Does Living in Faith Mean Embracing Optimism, Confidence, and Mindfulness?

Christmas for many can be the highlight of the year! A time to slow down and make time for those important in your life. Festivals of lights, music, joyful celebrations, gratitude and sharing are at the forefront. Ironically in trying to slow down to connect with others we end up speeding up with stress and worry whether the celebrations will be perfect. 

For many of us, it is also a reflective time, that cannot only resurface memories but introspection and evaluation. It might even induce anxiety as we prepare for the new year in hopes of healing and moving forward with optimistic determination and change.

This fall I purchased the Medical Intuition Course authored by Carolyn Myss and Norm Shealy through Sounds True (I’ve provided the link below). At this point, I am halfway through and can see that the topics could be of particular interest and application to those in the introspective holiday season mindset. In realizing that many parents, grandparents and teachers are far too busy to consider engaging in such a course at this time of year, I have decided to devote this next week of blogging to sharing some of the insights I have garnished in hopes that they might offer encouragement, support or resources for future self-discovery. 

Have you ever thought of what it means to live in faith? I’m not speaking of institutional religion, but faith from a spiritual perspective. Carolyn Myss tackles the concept of faith. I have always considered faith as the belief in a high being or the power of the divine universe. Myss ignited the following ponderings and a shift in my understanding of the power of faith:

  • Living in faith means we are truly living in a state of optimistic surrender and courage. No matter what we are faced with, we will learn and become better people as we journey through any adventure. This doesn’t mean that everything will turn out perfect and without pain or struggle.
  • Living in faith means detaching from expected outcomes or unreal expectations. It is celebrating whatever the outcome, large, small, or none (sometimes no outcome is more of the blessing).
  • Living in faith means letting go of worry, anxiety and the need to control a situation. In Al-Anon, it is said, “Let go. Let God.”
  • Living in Faith means we live confidently without fear. We believe in our own strengths and abilities to problem solve. Sure we prepare and can be proactive BUT ultimately we need to trust and be patient that as the yoga guru Adriene Mishler’s mom says, “Everything is as it should be.”
  • Taking this point a step further, we believe in the strengths and abilities of others and not try to control or pilot someone else’s journey. Living in faith is embracing patience.

Carolyn Myss’ talk on faith deeply resonated with me. At this time of year our expectations reach unreasonable heights as we try to create the perfect holiday experience for our families. As Mo Gawdat tells us in Solve for Happy, happiness is achieved when expectations are met or exceeded. If we set our expectation bar at unachievable levels, we will never be happy. This emphasizes Carolyn Myss’ wise counsel that we need to truly live in faithful surrender and detachment.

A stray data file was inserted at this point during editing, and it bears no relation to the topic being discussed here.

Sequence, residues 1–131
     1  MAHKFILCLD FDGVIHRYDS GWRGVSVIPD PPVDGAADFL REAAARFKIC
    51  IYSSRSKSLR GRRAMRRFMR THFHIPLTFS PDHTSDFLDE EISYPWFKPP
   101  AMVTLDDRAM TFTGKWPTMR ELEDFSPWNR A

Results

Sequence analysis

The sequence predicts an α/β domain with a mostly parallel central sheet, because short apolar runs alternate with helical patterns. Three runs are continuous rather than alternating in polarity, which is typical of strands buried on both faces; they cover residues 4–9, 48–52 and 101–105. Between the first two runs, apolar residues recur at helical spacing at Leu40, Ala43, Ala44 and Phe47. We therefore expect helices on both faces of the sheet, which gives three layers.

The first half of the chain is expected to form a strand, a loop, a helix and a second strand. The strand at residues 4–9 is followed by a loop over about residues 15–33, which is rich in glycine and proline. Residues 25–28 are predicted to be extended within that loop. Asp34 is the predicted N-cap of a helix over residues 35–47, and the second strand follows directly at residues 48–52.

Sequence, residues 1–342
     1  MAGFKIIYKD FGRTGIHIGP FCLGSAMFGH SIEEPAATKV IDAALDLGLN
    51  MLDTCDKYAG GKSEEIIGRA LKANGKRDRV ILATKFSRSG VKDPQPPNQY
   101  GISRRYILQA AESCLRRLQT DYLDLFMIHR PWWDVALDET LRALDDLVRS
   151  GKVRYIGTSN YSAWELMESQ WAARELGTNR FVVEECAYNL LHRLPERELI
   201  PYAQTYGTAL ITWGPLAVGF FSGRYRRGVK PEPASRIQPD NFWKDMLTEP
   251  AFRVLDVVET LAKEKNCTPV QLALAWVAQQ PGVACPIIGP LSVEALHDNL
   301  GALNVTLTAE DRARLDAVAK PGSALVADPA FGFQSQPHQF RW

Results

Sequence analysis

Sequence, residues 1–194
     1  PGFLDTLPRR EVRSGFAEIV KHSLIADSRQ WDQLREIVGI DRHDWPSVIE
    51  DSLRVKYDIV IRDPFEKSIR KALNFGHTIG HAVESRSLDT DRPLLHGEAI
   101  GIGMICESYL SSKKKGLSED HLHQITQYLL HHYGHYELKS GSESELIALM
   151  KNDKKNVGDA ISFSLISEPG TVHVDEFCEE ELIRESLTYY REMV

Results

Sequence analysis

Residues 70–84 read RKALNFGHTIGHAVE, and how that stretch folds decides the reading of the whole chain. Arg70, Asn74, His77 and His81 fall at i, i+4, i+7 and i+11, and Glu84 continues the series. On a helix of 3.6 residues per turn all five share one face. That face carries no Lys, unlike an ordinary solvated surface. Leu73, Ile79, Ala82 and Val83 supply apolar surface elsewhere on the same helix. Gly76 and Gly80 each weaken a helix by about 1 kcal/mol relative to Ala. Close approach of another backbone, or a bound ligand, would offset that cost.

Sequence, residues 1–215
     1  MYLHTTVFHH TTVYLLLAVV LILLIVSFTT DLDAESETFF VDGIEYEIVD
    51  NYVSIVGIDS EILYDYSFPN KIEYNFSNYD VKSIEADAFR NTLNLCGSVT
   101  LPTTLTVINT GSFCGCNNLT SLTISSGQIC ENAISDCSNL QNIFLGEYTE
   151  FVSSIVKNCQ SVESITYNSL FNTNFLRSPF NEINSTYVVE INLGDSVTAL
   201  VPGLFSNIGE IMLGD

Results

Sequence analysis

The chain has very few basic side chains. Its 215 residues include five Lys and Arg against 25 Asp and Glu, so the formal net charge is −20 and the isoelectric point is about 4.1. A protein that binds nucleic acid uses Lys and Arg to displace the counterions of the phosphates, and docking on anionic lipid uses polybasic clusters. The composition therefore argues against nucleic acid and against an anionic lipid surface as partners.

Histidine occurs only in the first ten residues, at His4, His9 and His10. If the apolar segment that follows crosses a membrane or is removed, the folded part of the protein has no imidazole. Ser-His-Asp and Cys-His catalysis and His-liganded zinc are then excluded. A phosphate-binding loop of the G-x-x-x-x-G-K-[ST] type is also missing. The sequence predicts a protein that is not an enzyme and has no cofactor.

I stopped dead in my tracks hearing Myss’ reflections on what faith is not. She challenges how we pray, asking the following questions:

  • Are you a stuffologist? Do you pray that your stuff, your life, and your wellbeing is perfect and without pain or suffering?
  • Do you pray the same prayers for intercession over and over again, just in case God isn’t listening? Or do you make your request once living in faith and trust that the Dear Lord will answer and provide? 
  • Do you say a prayer of thanks, celebration, and appreciation for the Dear Lord and Universe’s splendor?
  • Are your prayers inclusive of others such as the broader community and globally?
  • Do you tend to pray when only you need help as opposed to making it a daily mediation?
  • How often do I pray for forgiveness, wisdom or patience? So often our prayers are impatient.
  • Is fear a motivator for you to pray?

Since retiring I have had the luxury of time, as such I take at least one hour walk a day where I devote most of the walk to saying the rosary. Interesting I often find myself repeatedly remembering the same people in my intentions. Hmmm, does this fall into the category of prayer harassment?  

I concede that living in strong faith is a challenging journey. Anxiety so easily can rear its head in my life. I need to remember faith evolves through maturity and wisdom and builds in strength with the practice of surrender and detachment. It’s changing the nature of prayer from looking for answers to wants and needs to surrendering in communication and mediation with God and Our Universe. 

So where does this leave us as parents, grandparents and teachers during this holiday reflective period? We are challenged to surrender in loving connected prayer. Instead of worrying about the outcome of facilitating the perfect holiday, let’s have faith that everything shall play out as it should. That lessons will be learned, love will be shared, and we will be graced with the strength to survive as we enjoy each and every moment at that moment. Above all, take the time to be still and pray/meditate.